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neverland

std::string size

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neverland    145
std::string str; cout << sizeof(str) << endl; I'm reading a book said that std::string object size is 8. But on gcc the output is 4, on VC the output is 28. I am confused.

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SiCrane    11839
sizeof(std::string) is dependent on the compiler and version of the standard library it uses. There is no standard size for it.

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stylin    758
As SiCrane said, use std::string::size() when measuring a string:

std::string s( "12345" );
std::cout << s.size() << std::endl;

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Glak    315
Did it really say that? If so, consider throwing your book away. Bad information is worse than ignorance. Maybe your book didn't say that though, maybe it said that in a specific implementation sizeof(string) is 8. Either way it is very rare that you would actually want to know the exact size of your data, especially of a nonprimative type. Most of the time that you see sizeof you see a potential bug.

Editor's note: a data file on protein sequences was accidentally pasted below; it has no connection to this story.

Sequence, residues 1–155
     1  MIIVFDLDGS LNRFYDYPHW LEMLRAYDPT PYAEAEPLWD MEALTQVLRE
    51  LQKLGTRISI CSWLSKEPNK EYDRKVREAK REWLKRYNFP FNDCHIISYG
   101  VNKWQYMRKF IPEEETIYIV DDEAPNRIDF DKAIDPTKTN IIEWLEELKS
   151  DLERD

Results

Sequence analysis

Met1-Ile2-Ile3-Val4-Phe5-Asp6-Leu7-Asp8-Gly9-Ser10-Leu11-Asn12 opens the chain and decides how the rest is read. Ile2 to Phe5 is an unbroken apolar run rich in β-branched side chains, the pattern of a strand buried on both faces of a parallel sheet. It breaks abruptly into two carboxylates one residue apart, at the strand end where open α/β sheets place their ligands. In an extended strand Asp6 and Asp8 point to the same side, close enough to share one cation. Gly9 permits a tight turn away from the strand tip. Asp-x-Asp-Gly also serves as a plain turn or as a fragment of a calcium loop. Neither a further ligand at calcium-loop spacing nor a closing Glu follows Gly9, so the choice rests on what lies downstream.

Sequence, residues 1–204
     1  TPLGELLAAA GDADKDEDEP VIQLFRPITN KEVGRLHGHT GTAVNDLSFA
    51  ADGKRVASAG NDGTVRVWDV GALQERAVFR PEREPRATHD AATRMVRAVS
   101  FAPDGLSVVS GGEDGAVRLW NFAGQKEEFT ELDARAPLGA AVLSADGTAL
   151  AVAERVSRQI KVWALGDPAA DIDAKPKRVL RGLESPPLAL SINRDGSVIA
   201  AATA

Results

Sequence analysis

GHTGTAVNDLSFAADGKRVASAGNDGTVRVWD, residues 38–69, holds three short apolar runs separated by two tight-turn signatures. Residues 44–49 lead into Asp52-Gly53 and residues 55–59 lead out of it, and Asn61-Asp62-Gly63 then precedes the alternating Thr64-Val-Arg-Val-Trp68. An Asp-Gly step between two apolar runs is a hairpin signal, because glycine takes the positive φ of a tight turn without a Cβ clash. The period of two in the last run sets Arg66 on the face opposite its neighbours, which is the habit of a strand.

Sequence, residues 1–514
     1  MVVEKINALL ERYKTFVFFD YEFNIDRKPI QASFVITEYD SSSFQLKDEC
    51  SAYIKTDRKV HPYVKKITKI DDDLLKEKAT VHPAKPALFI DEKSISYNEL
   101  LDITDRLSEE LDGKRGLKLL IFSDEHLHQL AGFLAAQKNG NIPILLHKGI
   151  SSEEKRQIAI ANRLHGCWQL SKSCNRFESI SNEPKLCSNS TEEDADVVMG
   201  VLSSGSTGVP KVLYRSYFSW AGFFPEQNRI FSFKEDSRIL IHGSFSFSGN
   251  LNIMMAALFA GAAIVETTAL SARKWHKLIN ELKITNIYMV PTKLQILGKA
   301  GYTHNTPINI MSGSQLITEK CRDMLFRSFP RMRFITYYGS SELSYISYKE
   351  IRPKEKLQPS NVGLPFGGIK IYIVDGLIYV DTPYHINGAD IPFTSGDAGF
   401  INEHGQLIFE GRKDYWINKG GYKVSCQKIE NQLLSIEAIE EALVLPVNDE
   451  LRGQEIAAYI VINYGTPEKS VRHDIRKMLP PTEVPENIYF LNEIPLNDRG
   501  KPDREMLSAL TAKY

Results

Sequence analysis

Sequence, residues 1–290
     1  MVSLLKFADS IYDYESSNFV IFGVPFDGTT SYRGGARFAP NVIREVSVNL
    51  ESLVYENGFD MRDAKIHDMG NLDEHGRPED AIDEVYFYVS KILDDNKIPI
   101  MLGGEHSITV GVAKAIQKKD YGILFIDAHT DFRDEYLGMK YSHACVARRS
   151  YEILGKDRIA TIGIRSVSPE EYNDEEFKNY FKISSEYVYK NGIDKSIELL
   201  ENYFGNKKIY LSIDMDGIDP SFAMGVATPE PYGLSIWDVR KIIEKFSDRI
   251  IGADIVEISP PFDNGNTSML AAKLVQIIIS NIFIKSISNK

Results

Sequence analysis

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Guest Anonymous Poster   
Guest Anonymous Poster
Quote:
Original post by Glak
Most of the time that you see sizeof you see a potential bug.


I don't know about that claim.

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MaulingMonkey    1730
Quote:
Original post by Anonymous Poster
Quote:
Original post by Glak
Most of the time that you see sizeof you see a potential bug.


I don't know about that claim.


I do :-p. Then again, I'm biased, I have a little function called industry::size_of in my personal library. It returns the number of elements in an array or container, and fails to compile with pointers or plain values.

That is, starting with this:

int data[ 100 ] = { 31 , 24 , 0 };

I prefer this:

assert( industry::size_of( data ) == 100 );

To this:

assert( sizeof( data ) / sizeof( data[0] ) == 100 );

Ironically, the first one is shorter to type out even when I fully qualify it.

Also, I'm with Glak. The size of std::string is implementation-dependant. VC mantains a small buffer so that it dosn't have to dynamically allocate small strings. GCC may be using some sort of copy-on-write mechanism if it's a recent version.

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